With climate warming triggering longer fire seasons and more devastating fires in the North American boreal forest, the ability to measure how much carbon each fire burns has become more critical.
A recent study headed by Northern Arizona University and published recently in Nature Climate Change proposes that the amount of carbon burnt is subject more to the availability of fuels than to fire weather such as temperature, drought situations, or rain.
As part of a large retrospective study that covered Canada and Alaska, an international group of scientists discovered that the carbon deposited belowground in soil organic matter was the most significant predictor of the amount of carbon a fire will discharge.
The team studied the massive Western Boreal’s diverse forest conditions by examining field data obtained from 417 burn sites in six ecoregions in Alaska and Canada between 2004 and 2015. They learned that the volume of carbon stored in soils was the main predictor of how much carbon would burn, and that soil moisture was also important in predicting carbon emission.
In these northern forests, soil, not trees, can account for up to 90 percent of carbon emissions, so we expected that these organic soils would be a significant driver. But we were surprised that fire weather and the time of year a fire starts proved to be poor indicators of carbon combustion. It’s really about the fuels that are there when a fire starts.
Xanthe Walker, Study Lead Author, Center for Ecosystem Science and Society, Northern Arizona University
That is a key finding, since fire weather, as quantified by a Fire Weather Index, is one of the chief tools researchers and fire managers use at present to model carbon emissions in these boreal forests. This research proposes that fuels must form a bigger part of those models.
When we think of climate change and wildfires, we often instinctively think of extreme weather conditions. But our study shows that vegetation also matters--a lot! Predicting future vegetation is a tough nut to crack, but this study emphasizes the need to keep chipping away at it.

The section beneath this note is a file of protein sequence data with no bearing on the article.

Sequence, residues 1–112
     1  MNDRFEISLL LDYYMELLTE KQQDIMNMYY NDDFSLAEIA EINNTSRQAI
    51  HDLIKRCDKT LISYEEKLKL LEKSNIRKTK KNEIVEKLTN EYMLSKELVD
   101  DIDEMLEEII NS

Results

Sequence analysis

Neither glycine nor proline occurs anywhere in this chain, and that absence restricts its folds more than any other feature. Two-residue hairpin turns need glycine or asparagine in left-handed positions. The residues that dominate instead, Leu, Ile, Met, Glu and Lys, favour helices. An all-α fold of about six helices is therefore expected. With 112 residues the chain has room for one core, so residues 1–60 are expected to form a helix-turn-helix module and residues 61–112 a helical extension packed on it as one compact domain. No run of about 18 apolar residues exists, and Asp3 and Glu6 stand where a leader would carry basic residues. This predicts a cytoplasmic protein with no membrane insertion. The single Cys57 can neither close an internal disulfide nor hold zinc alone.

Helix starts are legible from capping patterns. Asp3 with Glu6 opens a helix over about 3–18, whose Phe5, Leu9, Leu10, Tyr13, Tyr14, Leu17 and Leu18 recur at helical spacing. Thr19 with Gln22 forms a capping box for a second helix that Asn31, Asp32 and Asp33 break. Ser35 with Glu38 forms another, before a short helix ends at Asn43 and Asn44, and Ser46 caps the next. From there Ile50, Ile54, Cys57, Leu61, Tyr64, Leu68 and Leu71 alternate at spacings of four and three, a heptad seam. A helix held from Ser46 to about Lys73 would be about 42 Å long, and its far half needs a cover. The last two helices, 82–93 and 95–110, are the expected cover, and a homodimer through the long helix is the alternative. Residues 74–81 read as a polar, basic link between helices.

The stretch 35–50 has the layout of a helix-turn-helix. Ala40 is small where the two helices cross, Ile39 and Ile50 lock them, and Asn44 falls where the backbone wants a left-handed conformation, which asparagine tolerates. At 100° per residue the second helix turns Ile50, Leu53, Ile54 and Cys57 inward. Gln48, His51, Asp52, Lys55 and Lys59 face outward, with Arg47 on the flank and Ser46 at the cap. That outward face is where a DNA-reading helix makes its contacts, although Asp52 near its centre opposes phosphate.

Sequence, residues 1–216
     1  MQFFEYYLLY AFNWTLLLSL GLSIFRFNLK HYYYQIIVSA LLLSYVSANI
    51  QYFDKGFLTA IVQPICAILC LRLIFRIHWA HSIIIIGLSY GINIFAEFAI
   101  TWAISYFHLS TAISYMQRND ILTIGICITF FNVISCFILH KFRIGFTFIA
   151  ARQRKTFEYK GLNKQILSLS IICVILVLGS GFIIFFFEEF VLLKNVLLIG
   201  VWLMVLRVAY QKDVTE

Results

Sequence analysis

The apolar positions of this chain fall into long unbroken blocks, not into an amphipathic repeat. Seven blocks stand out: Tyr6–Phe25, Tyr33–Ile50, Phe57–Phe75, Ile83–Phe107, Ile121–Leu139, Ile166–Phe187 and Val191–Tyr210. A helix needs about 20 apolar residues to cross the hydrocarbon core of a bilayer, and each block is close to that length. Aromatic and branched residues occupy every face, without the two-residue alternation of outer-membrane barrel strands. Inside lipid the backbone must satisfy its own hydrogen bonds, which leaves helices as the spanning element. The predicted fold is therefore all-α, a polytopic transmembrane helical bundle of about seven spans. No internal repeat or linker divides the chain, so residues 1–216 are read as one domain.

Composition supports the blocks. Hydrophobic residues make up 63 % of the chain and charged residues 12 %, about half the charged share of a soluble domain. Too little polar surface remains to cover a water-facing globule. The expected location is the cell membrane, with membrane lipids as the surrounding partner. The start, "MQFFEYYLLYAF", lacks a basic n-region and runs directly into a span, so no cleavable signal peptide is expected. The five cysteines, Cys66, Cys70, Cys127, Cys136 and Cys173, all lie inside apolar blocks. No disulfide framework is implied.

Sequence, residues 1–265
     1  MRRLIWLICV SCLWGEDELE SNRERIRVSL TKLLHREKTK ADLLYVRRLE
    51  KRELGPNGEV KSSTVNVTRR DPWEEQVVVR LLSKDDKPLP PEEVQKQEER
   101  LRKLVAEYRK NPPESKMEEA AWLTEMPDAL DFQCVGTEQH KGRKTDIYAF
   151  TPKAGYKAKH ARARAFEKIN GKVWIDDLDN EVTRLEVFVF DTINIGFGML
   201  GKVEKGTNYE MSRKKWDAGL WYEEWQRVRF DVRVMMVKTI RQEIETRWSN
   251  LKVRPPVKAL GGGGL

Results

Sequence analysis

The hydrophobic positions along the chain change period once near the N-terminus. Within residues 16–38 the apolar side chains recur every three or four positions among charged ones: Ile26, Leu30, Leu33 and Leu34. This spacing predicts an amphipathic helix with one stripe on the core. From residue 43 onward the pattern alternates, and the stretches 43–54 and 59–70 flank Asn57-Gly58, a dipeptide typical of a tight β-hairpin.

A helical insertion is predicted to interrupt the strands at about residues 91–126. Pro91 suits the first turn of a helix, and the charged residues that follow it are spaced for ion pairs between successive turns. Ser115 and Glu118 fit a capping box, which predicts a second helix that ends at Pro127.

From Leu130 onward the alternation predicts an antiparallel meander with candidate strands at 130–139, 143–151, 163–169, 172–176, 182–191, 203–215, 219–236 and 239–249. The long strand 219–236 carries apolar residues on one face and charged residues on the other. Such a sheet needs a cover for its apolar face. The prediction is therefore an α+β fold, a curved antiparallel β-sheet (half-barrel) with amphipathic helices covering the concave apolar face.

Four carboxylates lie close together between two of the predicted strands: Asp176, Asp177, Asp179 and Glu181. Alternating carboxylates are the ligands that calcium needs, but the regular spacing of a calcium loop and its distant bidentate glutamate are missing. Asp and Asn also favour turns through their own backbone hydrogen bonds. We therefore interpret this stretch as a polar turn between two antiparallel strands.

Marc-André Parisien, Study Co-Author and Research Scientist, Canadian Forest Service
The vegetation patterns they exposed were complex—tree species composition, soil moisture, and stand age during fire all acted together to predict combustion extent. For example, extremely flammable black spruce was mostly a predictor of carbon combustion, and the occurrence of this species grew with site moisture and stand age during a fire. But such interactions could probably differ with the climate.
For instance, with warming climate and reduction in fire intervals, black spruce stands are being replaced by jack pine and deciduous trees, which grow in shallower soils that emit less carbon during fires. The study’s site-level resolution enabled the team to capture such dynamism in carbon burning patterns and provides clues about the way they may change in the future.
We really need to move beyond the misconception of the boreal forest as a monotonous stretch of forest. While only a few tree species occur in the boreal forest, its diversity in ecosystem structure, forest age, topography, peatland occurrence and permafrost conditions is enormous, and our paper shows that these features dictate the carbon emissions from boreal fires.
Sander Veraverbeke, Study Co-Author and Assistant Professor, Vrije Universiteit, Amsterdam
Veraverbeke added, “The good news is that we can map aspects of this fine-scale ecosystem variation with current tools from NASA and other space agencies. Now we need to do this at the continental scale.”
The level of insights this research has provided gives modelers a framework for raising further questions related to carbon, noted Michelle Mack, senior author on the research and professor of biology at Northern Arizona University.
Mack said, “In the past, fire models have focused on fire behavior, not carbon emissions. It’s only been in the last decade or so that we’ve seen a global effort to quantify how much carbon these fires are releasing. We hope that our observations about fuels will inform the models as we work to better understand the boreal forest’s emission trajectory.”
Parisien supported the statement. “We are figuring out that fire-vegetation feedbacks a lot stronger than we thought they were just a few years ago,” he said. “Of course, we’ll never be able to manage all of the vast boreal biome--nor should we want to—but this helps us know what targeted actions, such as fire management or modifying forest vegetation, we can take to limit carbon loss.”
Walker, X. J., et al. (2020) Fuel availability not fire weather controls boreal wildfire severity and carbon emissions. Nature Climate Change. doi.org/10.1038/s41558-020-00920-8.